The people in that meeting will then spend the next hour and a half teetering on the brink of heat stroke and vowing to mess with that thermostat every chance they get going forward.

The Coffee Maker


One coffee packet or two? That's a question that has divided offices for decades now. The two-packet crowd likes their coffee strong, like a good espresso or a kick to the face. The one-packet crowd prefers a more civilized brew that tastes a bit less robust and doesn't mimic the effects of methamphetamine in such a pronounced way. One thing both sides can agree on, though, is that the other side is completely wrong.

If this seems like a trivial matter, keep one thing in mind: Caffeine is a drug. Toying with the influx of caffeine into a person's bloodstream is inevitably going to end in the closest approximation of a Breaking Bad episode you'll ever get at the office without literally working at a meth lab.

"Two packs of coffee. That's the deal."

Once a coffee divide arises in your office, it's nearly impossible to stop it from exploding into unbridled chaos. The problem is, neither side knows that the other has struck until they've actually poured a cup of coffee and had a taste. But that's beside the point. Even if it's common knowledge that Jane in accounting shows up 10 minutes before anyone else and makes the "weak" coffee, Rhonda in marketing, who prefers stronger coffee, will pour a cup, go through whatever elaborate Splenda packet and non-dairy creamer ritual is standard and walk all the way back to her desk before trying it out. She knows full well what she's about to taste and that she could have avoided this by just jumping on the next pot of coffee or whatever, but she will complain to her strong-coffee-drinkers-in-arms nevertheless, because petty complaints are the fuel that keep the engine running in any office.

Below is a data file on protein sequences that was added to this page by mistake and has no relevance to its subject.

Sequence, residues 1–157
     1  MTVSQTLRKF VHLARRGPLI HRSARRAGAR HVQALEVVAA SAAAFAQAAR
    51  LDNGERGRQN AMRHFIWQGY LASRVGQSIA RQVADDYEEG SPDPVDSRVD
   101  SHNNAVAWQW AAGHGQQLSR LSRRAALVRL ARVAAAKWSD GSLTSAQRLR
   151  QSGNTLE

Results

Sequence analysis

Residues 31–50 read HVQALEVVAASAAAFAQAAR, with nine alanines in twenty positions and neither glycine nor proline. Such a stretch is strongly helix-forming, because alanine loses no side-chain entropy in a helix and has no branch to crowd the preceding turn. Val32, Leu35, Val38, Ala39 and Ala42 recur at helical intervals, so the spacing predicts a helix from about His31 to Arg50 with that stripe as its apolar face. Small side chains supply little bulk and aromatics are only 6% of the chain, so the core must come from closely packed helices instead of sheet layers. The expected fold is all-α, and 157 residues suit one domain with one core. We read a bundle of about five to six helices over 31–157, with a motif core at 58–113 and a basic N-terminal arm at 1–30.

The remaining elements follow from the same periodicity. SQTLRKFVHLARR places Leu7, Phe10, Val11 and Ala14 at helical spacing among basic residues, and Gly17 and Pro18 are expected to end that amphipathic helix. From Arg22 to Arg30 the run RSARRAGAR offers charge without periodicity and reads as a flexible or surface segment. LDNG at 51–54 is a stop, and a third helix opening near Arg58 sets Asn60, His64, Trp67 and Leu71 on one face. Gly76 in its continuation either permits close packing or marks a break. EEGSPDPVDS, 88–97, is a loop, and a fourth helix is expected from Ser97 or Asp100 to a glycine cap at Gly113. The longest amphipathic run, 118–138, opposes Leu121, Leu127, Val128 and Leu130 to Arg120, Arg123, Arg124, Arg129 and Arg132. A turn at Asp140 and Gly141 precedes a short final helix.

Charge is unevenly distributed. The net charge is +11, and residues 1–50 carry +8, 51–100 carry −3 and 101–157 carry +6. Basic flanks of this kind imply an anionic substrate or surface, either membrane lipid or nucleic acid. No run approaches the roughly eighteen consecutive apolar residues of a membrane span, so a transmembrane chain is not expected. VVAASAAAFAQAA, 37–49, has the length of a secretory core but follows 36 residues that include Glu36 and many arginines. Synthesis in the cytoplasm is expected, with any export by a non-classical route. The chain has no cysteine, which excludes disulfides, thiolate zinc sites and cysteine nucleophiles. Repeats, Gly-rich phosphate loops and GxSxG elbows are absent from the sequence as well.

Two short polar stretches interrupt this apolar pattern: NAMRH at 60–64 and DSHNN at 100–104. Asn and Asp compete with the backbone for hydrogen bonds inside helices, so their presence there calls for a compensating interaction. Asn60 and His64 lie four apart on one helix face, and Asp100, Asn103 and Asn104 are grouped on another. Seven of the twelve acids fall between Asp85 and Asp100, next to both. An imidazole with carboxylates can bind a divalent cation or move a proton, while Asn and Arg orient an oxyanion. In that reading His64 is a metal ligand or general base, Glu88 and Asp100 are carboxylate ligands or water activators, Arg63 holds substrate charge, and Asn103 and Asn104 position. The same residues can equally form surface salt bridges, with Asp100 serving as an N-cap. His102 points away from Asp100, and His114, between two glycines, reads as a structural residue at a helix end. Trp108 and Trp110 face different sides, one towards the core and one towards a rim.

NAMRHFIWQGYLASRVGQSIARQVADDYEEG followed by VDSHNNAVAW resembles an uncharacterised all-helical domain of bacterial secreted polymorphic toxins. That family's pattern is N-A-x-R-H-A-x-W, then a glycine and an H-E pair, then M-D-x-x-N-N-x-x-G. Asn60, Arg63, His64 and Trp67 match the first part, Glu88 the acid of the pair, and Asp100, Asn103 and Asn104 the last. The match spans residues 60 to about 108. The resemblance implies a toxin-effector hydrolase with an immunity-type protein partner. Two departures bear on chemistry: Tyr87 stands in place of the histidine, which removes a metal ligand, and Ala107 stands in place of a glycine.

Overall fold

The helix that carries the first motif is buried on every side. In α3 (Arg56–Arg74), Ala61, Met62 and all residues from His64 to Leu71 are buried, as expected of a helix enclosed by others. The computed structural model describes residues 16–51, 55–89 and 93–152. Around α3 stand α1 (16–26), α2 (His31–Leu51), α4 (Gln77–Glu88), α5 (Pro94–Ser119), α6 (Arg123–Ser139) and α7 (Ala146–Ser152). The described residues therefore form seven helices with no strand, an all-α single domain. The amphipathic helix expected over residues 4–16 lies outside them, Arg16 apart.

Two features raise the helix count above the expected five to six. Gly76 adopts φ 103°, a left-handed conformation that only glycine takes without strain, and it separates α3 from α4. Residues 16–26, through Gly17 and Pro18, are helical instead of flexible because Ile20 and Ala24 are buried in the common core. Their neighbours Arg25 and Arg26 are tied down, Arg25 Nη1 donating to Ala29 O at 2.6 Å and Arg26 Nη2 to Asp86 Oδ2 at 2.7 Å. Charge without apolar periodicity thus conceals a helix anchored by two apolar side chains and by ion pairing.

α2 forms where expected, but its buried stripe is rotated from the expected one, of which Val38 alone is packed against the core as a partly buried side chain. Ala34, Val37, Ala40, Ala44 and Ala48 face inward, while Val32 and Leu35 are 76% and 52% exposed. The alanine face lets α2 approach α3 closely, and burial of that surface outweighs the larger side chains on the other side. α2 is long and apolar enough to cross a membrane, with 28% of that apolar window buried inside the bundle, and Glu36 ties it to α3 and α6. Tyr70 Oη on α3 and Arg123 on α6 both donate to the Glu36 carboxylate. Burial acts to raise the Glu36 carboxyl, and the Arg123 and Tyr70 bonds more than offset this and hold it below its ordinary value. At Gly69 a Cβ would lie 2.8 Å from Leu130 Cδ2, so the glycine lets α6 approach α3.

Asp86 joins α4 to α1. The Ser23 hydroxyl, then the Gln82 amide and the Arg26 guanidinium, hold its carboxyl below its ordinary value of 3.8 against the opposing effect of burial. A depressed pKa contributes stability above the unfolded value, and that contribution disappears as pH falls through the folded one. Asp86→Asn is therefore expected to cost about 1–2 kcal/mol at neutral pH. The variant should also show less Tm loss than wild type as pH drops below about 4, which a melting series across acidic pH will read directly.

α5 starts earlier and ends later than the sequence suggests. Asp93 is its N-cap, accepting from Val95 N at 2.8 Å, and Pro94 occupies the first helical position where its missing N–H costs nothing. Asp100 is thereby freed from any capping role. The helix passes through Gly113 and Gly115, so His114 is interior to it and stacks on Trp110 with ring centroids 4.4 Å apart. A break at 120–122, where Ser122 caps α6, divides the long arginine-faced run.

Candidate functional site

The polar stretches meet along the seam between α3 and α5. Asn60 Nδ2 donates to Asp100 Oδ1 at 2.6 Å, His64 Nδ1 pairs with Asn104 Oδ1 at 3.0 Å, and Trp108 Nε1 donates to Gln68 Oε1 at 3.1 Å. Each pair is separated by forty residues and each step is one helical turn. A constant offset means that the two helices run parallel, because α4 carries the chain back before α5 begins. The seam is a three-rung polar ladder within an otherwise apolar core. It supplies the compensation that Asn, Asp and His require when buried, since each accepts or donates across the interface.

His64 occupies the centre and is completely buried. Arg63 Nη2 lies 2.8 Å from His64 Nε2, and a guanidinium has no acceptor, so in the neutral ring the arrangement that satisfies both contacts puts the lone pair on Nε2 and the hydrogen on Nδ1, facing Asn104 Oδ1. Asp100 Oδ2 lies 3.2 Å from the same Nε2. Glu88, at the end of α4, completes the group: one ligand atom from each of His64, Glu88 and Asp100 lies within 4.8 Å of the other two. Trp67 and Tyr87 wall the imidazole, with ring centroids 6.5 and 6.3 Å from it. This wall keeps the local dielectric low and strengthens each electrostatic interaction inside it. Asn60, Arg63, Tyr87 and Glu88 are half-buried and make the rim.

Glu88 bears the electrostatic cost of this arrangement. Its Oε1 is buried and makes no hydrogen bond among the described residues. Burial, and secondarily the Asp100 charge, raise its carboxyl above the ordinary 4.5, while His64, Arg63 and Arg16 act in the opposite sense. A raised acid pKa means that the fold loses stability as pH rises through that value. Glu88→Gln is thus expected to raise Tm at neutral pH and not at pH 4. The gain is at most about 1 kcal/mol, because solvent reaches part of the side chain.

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Kids' Fundraisers

Jubilee House

Does your office have a rule against solicitation? Does it only cover prostitution, or does it extend to things like Girl Scout cookies and band camp fundraisers? There's a good chance that those last two things are addressed as well, which means that rightfully, you shouldn't have to put up with an army of soccer moms shoving frozen pizza order forms in your face every time their kid has to raise funds to pay for some bullshit school trip.

But workplace solicitation rules are selectively enforced at best, and even when that's not the case, the pressure just takes the more subtle form of a catalog placed conspicuously in the middle of the break room, replete with names of people who have taken one for the team and purchased a $14 roll of cherry monkey bread from some fifth grader just to keep his hyena of a mom from asking for the sale in person.

"Buy some Thin Mints and send my kid to Washington D.C., asshole!"

Not a huge deal if, say, the entire company is being asked to play Make-A-Wish with a perfectly healthy child, but it's never that. Instead, it's just something that's circulated between that tight circle of people who make up your department at work. If your department happens to only have 10 or 15 employees, being the lone selfish bastard who decides not to participate is going to draw some attention.